They tell you that losing someone you love is hard for all the reasons you’d expect and project. That person isn’t physically here anymore and, as a result, your life will never be the same.
They tell you that grief is hard, too. For all the reasons you’d expect and project. You’re grappling with a brand new reality, absent of a person you loved more than yourself, and that can be dark and depressing.
But there’s also a lot they don’t tell you though about love and loss. A lot that you couldn’t possibly expect or project.
There is collateral beauty in heartbreak. Eventually flowers start to grow through the new cracks in your foundation. You become more empathetic towards other human beings and see a new depth in life. You start to experience strength in yourself that you never knew was there.
But there’s also something deeper, perhaps the worst part of going through a cataclysmic loss: you lose yourself in the process. And in the process of losing yourself, you may lose people you love, too.
You won’t notice it at first. Somewhere between trying to survive and trying to remember who you once were, you’ll start to feel trapped in an alternate reality.
Eventually, you’ll realize it, but you still won’t know how to reverse it. You’ll wake up on most days, look in the mirror and be unrecognizable to even yourself. All of the things that used to make you who you were — your carefree laugh, your yolo spirit, your love for life will seem to have evaporated. And to your surprise, the resounding evidence of your own mortality may make you more afraid, may make you want to “carpe diem” less for awhile.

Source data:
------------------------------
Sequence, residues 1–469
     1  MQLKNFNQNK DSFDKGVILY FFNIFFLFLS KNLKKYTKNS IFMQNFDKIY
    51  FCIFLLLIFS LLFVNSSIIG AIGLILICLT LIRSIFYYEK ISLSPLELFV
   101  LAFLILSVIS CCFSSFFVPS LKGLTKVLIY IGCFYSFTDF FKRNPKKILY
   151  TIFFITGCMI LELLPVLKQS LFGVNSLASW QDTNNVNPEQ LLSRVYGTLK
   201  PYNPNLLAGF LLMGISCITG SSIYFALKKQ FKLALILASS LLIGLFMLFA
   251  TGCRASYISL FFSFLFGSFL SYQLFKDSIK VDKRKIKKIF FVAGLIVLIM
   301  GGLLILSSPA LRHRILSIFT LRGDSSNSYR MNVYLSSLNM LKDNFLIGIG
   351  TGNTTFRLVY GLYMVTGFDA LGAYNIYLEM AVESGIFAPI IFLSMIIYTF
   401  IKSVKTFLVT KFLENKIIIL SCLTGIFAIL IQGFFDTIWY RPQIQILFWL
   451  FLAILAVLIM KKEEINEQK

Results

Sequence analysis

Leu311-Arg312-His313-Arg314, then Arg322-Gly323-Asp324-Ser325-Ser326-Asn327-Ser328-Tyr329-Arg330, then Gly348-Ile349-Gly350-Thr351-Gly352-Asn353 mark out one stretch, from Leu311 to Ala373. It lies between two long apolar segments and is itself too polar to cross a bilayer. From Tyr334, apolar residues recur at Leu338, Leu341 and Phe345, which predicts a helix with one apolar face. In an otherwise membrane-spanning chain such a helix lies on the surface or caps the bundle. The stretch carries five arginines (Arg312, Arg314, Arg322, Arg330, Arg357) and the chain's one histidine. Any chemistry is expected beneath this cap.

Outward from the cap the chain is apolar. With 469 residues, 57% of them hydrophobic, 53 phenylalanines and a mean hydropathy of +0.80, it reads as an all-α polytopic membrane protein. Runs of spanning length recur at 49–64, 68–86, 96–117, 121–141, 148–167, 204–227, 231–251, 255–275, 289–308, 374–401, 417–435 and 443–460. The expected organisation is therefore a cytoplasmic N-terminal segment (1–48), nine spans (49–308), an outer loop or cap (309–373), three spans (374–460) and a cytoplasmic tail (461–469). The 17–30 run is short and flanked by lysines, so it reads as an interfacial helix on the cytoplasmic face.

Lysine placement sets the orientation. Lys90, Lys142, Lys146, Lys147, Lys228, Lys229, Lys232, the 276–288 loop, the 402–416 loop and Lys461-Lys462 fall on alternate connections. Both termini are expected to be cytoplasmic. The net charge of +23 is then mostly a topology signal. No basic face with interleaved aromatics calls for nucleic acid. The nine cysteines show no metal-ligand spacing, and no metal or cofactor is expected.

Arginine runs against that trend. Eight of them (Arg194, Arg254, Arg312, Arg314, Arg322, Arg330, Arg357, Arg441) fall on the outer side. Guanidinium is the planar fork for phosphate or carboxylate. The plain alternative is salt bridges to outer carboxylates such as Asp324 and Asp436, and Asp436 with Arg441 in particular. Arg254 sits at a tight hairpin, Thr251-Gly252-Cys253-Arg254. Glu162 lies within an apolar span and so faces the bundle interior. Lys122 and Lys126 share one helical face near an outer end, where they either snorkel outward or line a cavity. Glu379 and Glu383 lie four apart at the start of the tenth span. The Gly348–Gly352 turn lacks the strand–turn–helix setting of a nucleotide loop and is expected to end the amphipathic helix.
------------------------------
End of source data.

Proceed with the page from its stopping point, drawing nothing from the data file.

They don’t tell you that — no matter how hard you try not to — you’re going to harden for awhile. You’re going to feel lost and confused. You’re going to hurt a lot of people that you love, in a myriad of significant, but unintentional ways.
They don’t tell you that — your pain — is going to blind you. That the coping mechanisms that you develop to survive in this new reality aren’t going to work after awhile. They will at first. But one day, they’re going to start harming you more than they’re helping you.
And in that process, to your own dismay, you may one day wake up and realize you forgot how to love, how to live, how to be you.
You became so worried about protecting your heart from hurt that you stopped giving of yourself, you stopped exposing yourself to the deepest, most vulnerable parts of the human experience.
You didn’t want to, but you did.
You stopped living.
See, the idea that life is precious and short can inspire two trains of thought:
- I better not do anything to prematurely destroy it.
- I better do something to make it meaningful.
Since my mom died a little over five years ago, I thought I was living by the philosophy of bullet point #2. I’ve been obsessed with this idea of post-traumatic growth, inspired by people that weather terrible tragedy and come out the other side better for it.
I stopped drinking, started working out every day. I’ve read more books in the last five years than I have in all of the other years combined. I discovered a passion for writing. And I’ve found work that I love.
For a long time, because of all these various external measures, I’ve been convinced that I’m on the right path, checking the right boxes, doing the right things. I’ve adapted who I am and completely altered my sense of self, my beliefs about life and death — to survive in this new world.
And I’ve been proud of myself for it.